• VA extends suspension of certain property inspection requirements for Covid-19 forbearance cases

    Federal Issues

    On December 21, the Department of Veterans Affairs (VA) issued Circular 26-21-27 to extend the suspension of certain inspection requirements for properties purchased with loans guaranteed by the VA where the borrower has been negatively impacted by Covid-19. In 2020, the VA temporarily suspended its requirement to conduct a property inspection before the 60th day of delinquency for borrowers whose loans are currently in forbearance and were current or had not reached the 60th day of delinquency when the borrower requested CARES Act forbearance. Circular 26-21-27 sunsets on October 1, 2022.

    Federal Issues Department of Veterans Affairs Covid-19 Consumer Finance CARES Act Mortgages Servicing Forbearance

    Share page with AddThis
  • President Biden signs NDAA into law

    Federal Issues

    On December 27, President Biden signed S. 1605 the “National Defense Authorization Act for Fiscal Year 2022” (NDAA) into law. The NDAA provisions include Section 6107, which requires the Treasury Secretary to conduct a briefing within one year of the law’s enactment before the House Financial Services Committee and the Senate Banking, Housing, and Urban Affairs Committee on the delegation of examination authority under the Bank Secrecy Act. Additionally, Section 6207 expands the coverage of the Servicemembers Civil Relief Act protections related to the termination of residential or motor vehicle leases and telephone service contracts. Specifically, Section 6207 makes those protections applicable to members of the Foreign Service who are posted abroad at a Foreign Service post.

    Federal Issues Federal Legislation Bank Secrecy Act SCRA

    Share page with AddThis
  • OCC revises CRA small and intermediate bank asset-size threshold adjustments

    On December 30, the OCC announced revisions to the asset-size thresholds used to define small and intermediate small banks and savings associations under the Community Reinvestment Act (CRA). Effective January 1, a small bank or savings association will mean an institution that, as of December 31 of either of the past two years, had assets of less than $1.384 billion. An intermediate small bank or savings association will mean an institution with assets of at least $346 million as of December 31 of both of the prior two years, and less than $1.384 billion as of December 31 of either of the prior two years. The adjustments follow a final rule issued last month, which rescinded the OCC’s 2020 CRA rule and replaced it with a rule based largely on the prior rules adopted jointly by the federal banking agencies in 1995, as amended. (Covered by InfoBytes here.) Under the 2021 final rule, banks are evaluated under different CRA examination procedures based on their asset-size threshold amounts. As previously covered by InfoBytes, the Federal Reserve Board and the FDIC also announced joint annual adjustments to the CRA asset-size thresholds used to define “small bank” and “intermediate small bank” in December.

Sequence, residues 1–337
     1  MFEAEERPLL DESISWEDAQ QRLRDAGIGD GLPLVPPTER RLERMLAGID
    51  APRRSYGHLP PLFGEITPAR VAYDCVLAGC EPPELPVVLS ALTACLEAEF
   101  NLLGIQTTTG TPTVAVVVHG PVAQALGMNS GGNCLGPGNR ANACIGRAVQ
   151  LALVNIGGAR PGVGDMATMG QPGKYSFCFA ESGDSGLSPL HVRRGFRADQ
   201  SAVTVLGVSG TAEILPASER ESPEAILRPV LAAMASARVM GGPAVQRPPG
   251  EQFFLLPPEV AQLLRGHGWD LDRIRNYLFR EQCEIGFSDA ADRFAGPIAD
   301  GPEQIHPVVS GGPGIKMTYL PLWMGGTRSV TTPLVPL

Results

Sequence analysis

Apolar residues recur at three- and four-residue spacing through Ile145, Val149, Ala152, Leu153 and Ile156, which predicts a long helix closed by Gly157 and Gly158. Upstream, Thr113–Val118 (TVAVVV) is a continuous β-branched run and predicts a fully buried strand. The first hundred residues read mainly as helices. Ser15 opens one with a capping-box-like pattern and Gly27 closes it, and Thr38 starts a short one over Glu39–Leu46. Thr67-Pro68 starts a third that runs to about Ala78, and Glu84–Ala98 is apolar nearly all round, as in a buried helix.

Bank Regulatory Federal Issues OCC FDIC Federal Reserve Agency Rule-Making & Guidance CRA Supervision

    Share page with AddThis
  • Jelena McWilliams to resign as FDIC chairman

    On December 31, Jelena McWilliams announced her resignation as FDIC Chairman effective February 4. McWilliams, who was appointed in 2018, noted in her resignation letter to President Biden that throughout her tenure at the agency the FDIC “has focused on its fundamental mission to maintain and instill confidence in our banking system while at the same time promoting innovation, strengthening financial inclusion, improving transparency, and supporting community banks and minority depository institutions, including through the creation of the Mission Driven Bank Fund.” She also credited FDIC staff for taking swift measures to maintain stability and provide flexibility for banks and consumers impacted by the Covid-19 pandemic.